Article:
Recently I’ve had to deal with telephone customer support. This of course is an activity that most rational human beings avoid like the plague. Generally speaking I’d rather endure toenail surgery without anesthesia than spend time dealing with “customer service”. Unfortunately the problem was that I was unable to watch the latest Game of Thrones on HBO and that is a DEFCON ONE crisis. All of a sudden I started receiving the following message on the HBO channels: “Your TV does not support this programs content protection. Replace the HDMI cable with component cables.” Since there may be children in the room, “WHISKEY TANGO FOXTROT!!!”
HDMI is the highest-end cable available for HD video. HBO and/or Direct TV are requiring a (slightly) lower-end cable? Makes no sense. Tyrion Lannister and Daenerys Targaryen were waiting for me, so off to Direct TV support I went. Menu after menu, repeated account number inputs, depression, a new gray hair, and I finally got a live person on the line.
Complaint number one: If you have a fancy voice input system that asks repeatedly to provide your account number, name, hair color, and soft drink preference, why is the first thing a live person asks is to provide the same information? I think the strategy is to induce a state of depression so deep you simply give up and watch infomercials instead.
Complaint number two: When I was finally asked what the problem was I replied “I’m receiving an error message”. Without waiting to hear what it was, her response was, “let’s go ahead and reset the box”. Now if you’re unfamiliar with a satellite STB box reset it takes about 7 minutes of sitting through on-screen messages cheerfully informing you “almost there!”. I’d actually already tried that before calling, so there was no way in hell I was going to do it again. I’m not a particularly chatty person, so seven minutes of small-talk with a support rep to do something I’d already tried just wasn’t going to happen. Naturally I spent longer than that arguing that I wasn’t going to do it, than it would have taken to just meekly follow along with her troubleshooting script.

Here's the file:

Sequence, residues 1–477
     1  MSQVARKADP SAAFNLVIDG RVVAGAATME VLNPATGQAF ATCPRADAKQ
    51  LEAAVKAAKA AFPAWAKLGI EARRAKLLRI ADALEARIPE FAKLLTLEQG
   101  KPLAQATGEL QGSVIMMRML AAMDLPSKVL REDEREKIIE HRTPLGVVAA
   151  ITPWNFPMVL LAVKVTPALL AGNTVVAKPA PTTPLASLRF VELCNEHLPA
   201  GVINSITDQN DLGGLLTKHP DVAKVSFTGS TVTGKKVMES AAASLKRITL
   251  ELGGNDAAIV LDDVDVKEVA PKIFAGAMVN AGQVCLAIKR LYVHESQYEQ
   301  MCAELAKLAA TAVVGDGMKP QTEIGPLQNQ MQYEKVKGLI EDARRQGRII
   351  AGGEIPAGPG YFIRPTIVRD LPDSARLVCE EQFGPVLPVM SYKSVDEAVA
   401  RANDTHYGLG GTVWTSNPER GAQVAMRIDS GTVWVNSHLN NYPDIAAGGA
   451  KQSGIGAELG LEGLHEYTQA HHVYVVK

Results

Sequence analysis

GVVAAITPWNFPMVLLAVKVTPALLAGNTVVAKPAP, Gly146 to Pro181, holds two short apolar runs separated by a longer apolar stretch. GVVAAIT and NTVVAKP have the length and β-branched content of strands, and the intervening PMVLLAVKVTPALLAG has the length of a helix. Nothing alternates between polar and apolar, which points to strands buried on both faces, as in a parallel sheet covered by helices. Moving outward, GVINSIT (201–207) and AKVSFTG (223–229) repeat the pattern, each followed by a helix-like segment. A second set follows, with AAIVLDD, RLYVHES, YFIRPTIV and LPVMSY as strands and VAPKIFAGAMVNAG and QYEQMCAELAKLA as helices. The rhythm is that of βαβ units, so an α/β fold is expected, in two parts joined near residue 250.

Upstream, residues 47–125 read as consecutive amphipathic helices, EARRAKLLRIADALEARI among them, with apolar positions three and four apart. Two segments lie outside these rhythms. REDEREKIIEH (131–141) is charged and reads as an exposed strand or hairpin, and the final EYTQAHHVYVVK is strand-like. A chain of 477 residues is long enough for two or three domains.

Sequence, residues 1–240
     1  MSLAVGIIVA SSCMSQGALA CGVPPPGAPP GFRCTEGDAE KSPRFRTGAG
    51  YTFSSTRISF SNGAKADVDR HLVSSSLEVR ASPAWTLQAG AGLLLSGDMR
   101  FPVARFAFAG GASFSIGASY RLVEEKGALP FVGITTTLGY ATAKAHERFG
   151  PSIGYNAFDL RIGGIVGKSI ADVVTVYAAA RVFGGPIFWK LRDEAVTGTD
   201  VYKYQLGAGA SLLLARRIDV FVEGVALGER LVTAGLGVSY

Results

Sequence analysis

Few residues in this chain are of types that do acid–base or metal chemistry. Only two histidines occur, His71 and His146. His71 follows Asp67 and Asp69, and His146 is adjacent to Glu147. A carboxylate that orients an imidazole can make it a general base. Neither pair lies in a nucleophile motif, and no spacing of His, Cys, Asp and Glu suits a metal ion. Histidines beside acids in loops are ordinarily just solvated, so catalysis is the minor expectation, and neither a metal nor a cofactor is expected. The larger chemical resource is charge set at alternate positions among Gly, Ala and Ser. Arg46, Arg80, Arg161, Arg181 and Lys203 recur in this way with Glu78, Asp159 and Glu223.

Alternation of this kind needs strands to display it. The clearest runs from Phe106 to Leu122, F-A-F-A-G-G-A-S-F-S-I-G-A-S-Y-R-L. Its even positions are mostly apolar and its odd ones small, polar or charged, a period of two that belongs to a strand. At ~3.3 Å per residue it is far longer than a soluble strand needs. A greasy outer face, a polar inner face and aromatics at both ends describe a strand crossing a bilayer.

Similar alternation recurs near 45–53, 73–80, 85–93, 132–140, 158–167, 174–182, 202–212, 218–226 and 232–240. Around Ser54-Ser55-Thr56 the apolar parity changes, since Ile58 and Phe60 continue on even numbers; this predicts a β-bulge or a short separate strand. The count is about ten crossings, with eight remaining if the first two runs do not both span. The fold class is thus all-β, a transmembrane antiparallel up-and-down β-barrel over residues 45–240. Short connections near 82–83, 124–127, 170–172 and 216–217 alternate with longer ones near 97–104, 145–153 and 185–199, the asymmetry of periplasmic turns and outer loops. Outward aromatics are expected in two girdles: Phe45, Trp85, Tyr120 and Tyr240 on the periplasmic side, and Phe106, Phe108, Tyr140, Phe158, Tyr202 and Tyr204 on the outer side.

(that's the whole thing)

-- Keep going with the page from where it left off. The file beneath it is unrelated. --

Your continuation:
Here’s where my brains began leaking out my ears. I finally convinced her to let me tell her the error message and then asked, “Are you or HBO no longer supporting HDMI cables?” Her answer – “Sir, I’m not familiar with what this HDMI is. Have you checked our on-line forums?” I’ll spare the rest of the gory details, but after multiple escalations the best answer I was able to get was that this was a change HBO just made and it’s out of Direct TV’s control. Sigh… Fortunately I have access to Al Gore’s INTERNETS (side note, I’m wondering if I should switch from AOL? I have all those free CD’s).
I spent some time on a few AV forums. Fair warning, it’s important to severely limit your time there – that’s a level of geekdom that results in a strong desire to play D&D. What I did figure out is that HBO started implementing HDCP several years ago. WARNING, technical content to follow! Any fairly recent (~5 years) HDMI implementation includes HDCP which is a content protection protocol. The host device queries connections and, upon discovering an HDCP compliant port, establishes a sink and provides a key for decryption. This enables content providers to encrypt video with the master key and for your device to decrypt it. Turns out some clever folks have been able to pirate (gasp!) content via non-HDCP HDMI cables. HBO (and most content providers) either have already, or will begin going this route shortly.
For anyone left reading, here’s the “can we all just get along” part. My TV (Samsung) is brand-new and the specs indicate HDCP compliance. Direct TV claims their HD STB correctly implements HDMI/HDCP and it’s not their problem if Samsung doesn’t correctly respond to the HDCP handshake. The Direct TV support rep doesn’t know what HDMI is. The Direct TV technical escalation engineer claims HBO “just” implemented this a few weeks ago. HBO reportedly implemented this several years ago. HBO provides no way of contacting them other than carrier pigeon or via email that thier web site states “due to volume of mail received we can’t respond to all inquires”.
I love technology. Seriously. But the more technical the advances the more complicated the interactions become. Supporting them becomes a massive finger-pointing exercise in futility. If you were making minimum wage as a support rep, would you be interested in discovering HDMI/HDCP handshake sequences? As Mr. King once said (no, not that Mr. King) “Human progress is neither automatic nor inevitable… Every step toward the goal of justice requires sacrifice, suffering, and struggle”. He also reportedly said “Kids, you tried your best and failed miserably. The lesson is, never try”.
Small chance that last one might have been Homer Simpson, I’m not sure.